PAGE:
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Saturday, January 15, 2011

Letter of concern from Indian Treaty Council



Hon. Luis G. Fortuño, Govenor of Puerto Rico, via Email: webmaster@govpr.org
Hon. Daniel José Galán Kercado, Secretary of the Department of Natural Resources, Puerto Rico, via fax: (787) 999-2303

Re: Via Verde Gas Pipeline Project and Human Rights Concerns

Respectful Greetings,

The International Indian Treaty Council (IITC) is a Non-governmental Organization (NGO) of Indigenous Peoples from North, Central and South America, the Caribbean and the Pacific founded in 1974. In 1977 the IITC was the first Indigenous organization to receive Consultative Status II, now Special Consultative Status with the United Nations (UN) Economic and Social Council. Since that time the IITC has participated actively to promote and defend the human rights of Indigenous Peoples in the international arena.

I am writing at the request of the IITC Board of Directors to express our serious concerns regarding the proposed Gas Pipeline Project called “Via Verde”, and the licensing of large-scale gas development on Boriken (Puerto Rico). It is our understanding that the Taíno Indigenous People who will be directly impacted continue to strongly oppose this project.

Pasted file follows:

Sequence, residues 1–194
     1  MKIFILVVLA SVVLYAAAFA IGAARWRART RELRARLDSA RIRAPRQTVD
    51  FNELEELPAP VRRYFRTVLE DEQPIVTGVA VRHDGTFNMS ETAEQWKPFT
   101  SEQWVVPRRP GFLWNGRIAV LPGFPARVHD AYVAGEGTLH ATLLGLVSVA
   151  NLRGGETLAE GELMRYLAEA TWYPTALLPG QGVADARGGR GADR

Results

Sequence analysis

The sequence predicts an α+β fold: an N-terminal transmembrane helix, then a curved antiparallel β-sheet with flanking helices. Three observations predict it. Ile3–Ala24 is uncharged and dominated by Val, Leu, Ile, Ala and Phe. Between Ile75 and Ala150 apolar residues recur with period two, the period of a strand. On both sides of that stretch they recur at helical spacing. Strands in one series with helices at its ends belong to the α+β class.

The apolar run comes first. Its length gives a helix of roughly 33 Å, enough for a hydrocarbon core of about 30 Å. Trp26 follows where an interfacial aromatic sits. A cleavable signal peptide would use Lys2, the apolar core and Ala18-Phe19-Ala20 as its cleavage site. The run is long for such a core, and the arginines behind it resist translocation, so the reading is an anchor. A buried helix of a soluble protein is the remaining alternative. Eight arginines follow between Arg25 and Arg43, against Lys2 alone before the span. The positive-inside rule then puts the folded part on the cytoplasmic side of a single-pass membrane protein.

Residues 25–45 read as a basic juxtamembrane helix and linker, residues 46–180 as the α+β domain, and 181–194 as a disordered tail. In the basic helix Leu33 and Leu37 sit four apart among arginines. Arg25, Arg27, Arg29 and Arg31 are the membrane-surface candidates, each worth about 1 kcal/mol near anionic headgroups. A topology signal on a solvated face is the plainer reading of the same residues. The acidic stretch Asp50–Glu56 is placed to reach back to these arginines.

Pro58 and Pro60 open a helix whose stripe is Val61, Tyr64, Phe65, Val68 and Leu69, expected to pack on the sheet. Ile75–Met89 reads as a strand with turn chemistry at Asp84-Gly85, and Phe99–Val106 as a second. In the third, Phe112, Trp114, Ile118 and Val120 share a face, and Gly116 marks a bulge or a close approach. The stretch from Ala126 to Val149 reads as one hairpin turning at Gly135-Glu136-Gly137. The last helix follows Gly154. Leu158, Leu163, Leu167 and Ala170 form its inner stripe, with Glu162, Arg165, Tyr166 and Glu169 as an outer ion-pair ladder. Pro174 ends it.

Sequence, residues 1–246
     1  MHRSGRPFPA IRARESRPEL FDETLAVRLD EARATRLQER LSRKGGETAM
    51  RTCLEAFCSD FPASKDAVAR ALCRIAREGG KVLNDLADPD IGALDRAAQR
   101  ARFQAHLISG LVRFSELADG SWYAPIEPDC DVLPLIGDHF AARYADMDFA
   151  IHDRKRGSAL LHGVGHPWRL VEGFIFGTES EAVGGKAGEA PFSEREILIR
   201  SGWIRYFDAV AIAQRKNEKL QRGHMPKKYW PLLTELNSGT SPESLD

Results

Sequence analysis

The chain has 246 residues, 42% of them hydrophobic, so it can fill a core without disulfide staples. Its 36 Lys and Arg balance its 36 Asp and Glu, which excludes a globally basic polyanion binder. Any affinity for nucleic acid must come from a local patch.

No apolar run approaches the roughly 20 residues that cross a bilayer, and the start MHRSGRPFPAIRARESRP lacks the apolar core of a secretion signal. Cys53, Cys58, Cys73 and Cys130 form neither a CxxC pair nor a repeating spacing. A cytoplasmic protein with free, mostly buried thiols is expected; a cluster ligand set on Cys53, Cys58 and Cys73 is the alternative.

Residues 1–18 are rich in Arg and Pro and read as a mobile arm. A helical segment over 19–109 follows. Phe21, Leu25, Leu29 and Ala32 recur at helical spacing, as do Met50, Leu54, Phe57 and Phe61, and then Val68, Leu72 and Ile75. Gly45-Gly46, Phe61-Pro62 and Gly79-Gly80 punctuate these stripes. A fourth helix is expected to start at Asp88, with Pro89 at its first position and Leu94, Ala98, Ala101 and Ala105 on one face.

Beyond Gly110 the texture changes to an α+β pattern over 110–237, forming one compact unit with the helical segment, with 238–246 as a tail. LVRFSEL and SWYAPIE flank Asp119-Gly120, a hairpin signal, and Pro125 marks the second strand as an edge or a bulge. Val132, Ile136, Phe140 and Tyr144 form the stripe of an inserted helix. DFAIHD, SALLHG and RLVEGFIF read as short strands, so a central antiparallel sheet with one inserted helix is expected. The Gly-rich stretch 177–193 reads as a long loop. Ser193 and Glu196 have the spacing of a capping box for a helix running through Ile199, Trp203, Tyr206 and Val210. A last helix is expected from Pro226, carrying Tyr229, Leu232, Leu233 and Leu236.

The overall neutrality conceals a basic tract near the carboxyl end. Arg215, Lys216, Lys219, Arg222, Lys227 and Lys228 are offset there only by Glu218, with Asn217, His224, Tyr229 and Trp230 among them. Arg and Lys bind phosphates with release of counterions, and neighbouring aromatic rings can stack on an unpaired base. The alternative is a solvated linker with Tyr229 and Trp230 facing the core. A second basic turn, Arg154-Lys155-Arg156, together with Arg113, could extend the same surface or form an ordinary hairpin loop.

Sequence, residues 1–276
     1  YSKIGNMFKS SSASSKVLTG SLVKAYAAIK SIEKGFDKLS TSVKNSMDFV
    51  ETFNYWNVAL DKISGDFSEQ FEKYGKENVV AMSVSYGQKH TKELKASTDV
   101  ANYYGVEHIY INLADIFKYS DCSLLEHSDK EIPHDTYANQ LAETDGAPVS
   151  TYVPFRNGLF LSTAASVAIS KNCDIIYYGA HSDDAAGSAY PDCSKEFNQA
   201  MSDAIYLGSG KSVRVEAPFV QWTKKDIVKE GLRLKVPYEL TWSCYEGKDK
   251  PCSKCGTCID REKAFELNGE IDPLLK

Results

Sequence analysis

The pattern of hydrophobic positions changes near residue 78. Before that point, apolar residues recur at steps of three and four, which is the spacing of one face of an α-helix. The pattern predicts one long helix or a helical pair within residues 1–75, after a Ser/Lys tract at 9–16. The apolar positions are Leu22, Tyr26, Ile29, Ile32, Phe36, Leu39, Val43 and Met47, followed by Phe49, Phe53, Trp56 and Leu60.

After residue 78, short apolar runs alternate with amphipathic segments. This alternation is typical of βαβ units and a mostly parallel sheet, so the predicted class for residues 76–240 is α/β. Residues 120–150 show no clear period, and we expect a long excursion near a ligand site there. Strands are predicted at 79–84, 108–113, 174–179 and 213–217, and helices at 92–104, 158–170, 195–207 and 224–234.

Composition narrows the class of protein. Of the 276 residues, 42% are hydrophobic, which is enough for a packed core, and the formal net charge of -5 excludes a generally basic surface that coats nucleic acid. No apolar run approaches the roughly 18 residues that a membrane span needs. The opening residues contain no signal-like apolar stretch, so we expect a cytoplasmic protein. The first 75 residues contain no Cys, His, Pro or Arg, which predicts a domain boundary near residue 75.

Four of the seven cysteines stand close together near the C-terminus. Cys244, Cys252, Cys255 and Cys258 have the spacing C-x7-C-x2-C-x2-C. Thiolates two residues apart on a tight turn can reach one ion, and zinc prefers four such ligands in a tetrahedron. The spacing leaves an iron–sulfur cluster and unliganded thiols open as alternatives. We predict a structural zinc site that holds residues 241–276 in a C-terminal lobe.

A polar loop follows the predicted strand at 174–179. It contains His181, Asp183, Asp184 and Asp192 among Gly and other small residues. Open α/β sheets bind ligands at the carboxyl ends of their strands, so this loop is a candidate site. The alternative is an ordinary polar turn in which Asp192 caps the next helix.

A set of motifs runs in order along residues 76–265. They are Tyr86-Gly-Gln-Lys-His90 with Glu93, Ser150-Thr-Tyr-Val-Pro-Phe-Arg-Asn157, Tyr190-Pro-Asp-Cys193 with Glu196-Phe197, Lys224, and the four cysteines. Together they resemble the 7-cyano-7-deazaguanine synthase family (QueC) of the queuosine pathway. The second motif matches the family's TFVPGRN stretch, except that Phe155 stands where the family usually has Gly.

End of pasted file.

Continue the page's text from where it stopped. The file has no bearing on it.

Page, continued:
IITC has been informed by our affiliate the United Confederation of Taíno People based in Boriken (Puerto Rico) that they have expressed serious human rights concerns regarding this project, and that these remain unresolved and unaddressed to date. Based on information we have received from the impacted Indigenous Peoples, if this project moves forward a number of violations human rights will result. These include, inter alia the rights to health, self-determination, food, freedom of religion, Sacred Sites and cultural practice as well the right to free, prior and informed consent.